People with the rare and fatal brain disorder Creutzfeldt-Jakob disease (CJD) show signs of the disease in their eyes, according to a new study. The study found evidence of prions — the infectious proteins that cause the disease — in the eyes of nearly a dozen patients with CJD.
The findings suggest that patients’ eyes could potentially provide a “window” to the brain that may help researchers diagnose the disease early if new eye tests are developed. The results also raise concern about the potential for the disease to spread through routine eye exams or eye surgeries, during which equipment could become contaminated with prions, the researchers said.
Creutzfeldt-Jakob disease is a progressive neurological disorder that affects only about 1 in a million people worldwide each year, according to the National Institutes of Health (NIH). The disease, which is related to “mad cow disease” in cows, is caused by prion proteins that fold abnormally, leading to lesions in the brain. The most common form of CJD is sporadic, which means that the disease does not appear to have a genetic or an environmental cause.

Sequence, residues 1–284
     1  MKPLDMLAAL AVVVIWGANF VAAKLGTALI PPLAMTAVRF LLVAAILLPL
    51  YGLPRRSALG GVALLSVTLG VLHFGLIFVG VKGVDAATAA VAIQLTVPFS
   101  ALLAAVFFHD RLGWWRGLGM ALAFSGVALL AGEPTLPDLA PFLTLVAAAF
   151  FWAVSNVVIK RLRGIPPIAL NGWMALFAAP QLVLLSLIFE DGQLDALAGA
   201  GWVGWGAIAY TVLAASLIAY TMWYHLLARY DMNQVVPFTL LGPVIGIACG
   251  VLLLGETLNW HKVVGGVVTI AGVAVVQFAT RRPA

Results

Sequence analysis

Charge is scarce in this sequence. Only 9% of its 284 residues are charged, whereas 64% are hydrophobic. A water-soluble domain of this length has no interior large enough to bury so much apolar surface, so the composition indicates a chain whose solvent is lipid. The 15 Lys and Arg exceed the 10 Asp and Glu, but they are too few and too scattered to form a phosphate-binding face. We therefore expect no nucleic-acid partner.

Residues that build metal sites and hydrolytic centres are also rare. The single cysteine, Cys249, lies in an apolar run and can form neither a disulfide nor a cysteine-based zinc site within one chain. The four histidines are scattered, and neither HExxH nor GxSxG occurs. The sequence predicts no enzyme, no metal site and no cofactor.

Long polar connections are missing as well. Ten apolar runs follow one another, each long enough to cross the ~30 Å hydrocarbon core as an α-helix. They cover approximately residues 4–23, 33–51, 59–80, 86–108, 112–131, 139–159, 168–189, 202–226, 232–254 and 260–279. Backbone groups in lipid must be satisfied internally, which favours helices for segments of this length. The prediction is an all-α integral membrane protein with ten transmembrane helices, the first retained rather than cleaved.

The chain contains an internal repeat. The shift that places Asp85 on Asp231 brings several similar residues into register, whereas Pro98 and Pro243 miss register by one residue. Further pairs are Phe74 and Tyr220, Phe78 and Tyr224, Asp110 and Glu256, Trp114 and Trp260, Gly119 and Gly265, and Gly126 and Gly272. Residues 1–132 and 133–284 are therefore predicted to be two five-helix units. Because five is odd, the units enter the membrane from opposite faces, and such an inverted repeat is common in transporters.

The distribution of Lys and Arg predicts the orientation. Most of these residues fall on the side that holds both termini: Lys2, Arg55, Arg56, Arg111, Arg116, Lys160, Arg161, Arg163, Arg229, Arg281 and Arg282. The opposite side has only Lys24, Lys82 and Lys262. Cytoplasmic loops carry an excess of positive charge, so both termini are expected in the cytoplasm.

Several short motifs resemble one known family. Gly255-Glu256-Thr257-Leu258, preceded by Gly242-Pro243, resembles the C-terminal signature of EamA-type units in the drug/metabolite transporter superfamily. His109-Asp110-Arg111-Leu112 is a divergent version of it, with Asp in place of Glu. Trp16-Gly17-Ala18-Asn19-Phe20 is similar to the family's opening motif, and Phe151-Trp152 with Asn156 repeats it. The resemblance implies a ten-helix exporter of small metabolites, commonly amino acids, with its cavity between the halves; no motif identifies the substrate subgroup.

There is no treatment or cure for CJD, and the condition usually results in death within one year of diagnosis. Previously, a small number of patients with CJD were found to have prions in their eyes. But it was unclear how common this occurrence was, or how widespread the prion proteins are throughout the eye. In addition, these earlier studies were done before the development of more sensitive tests for prions that are available today.
In the new study, the researchers analyzed the eyes of 11 patients who died from sporadic CJD and agreed to donate their eyes for research. The study is the largest to date to examine CJD patients’ eyes for prions.
The researchers detected prions in the eyes of all 11 patients. What’s more, they found prions in all eight regions of the eye that were tested, including the eye’s cornea, lens, ocular fluid, retina, choroid (a part of the eye that contains blood vessels and connective tissue), sclera (the white of the eye), optic nerve (which connects the back of the eye to the brain) and extraocular muscle (which controls eye movement.)
The highest levels were found in the retina, the area of light-sensitive cells located at the back of the eye. In some cases, levels of prions in the retina were close to those seen in the brain, the researchers said. Currently, the only way to confirm a diagnosis of CJD is to test a sample of brain tissue after a person’s death.
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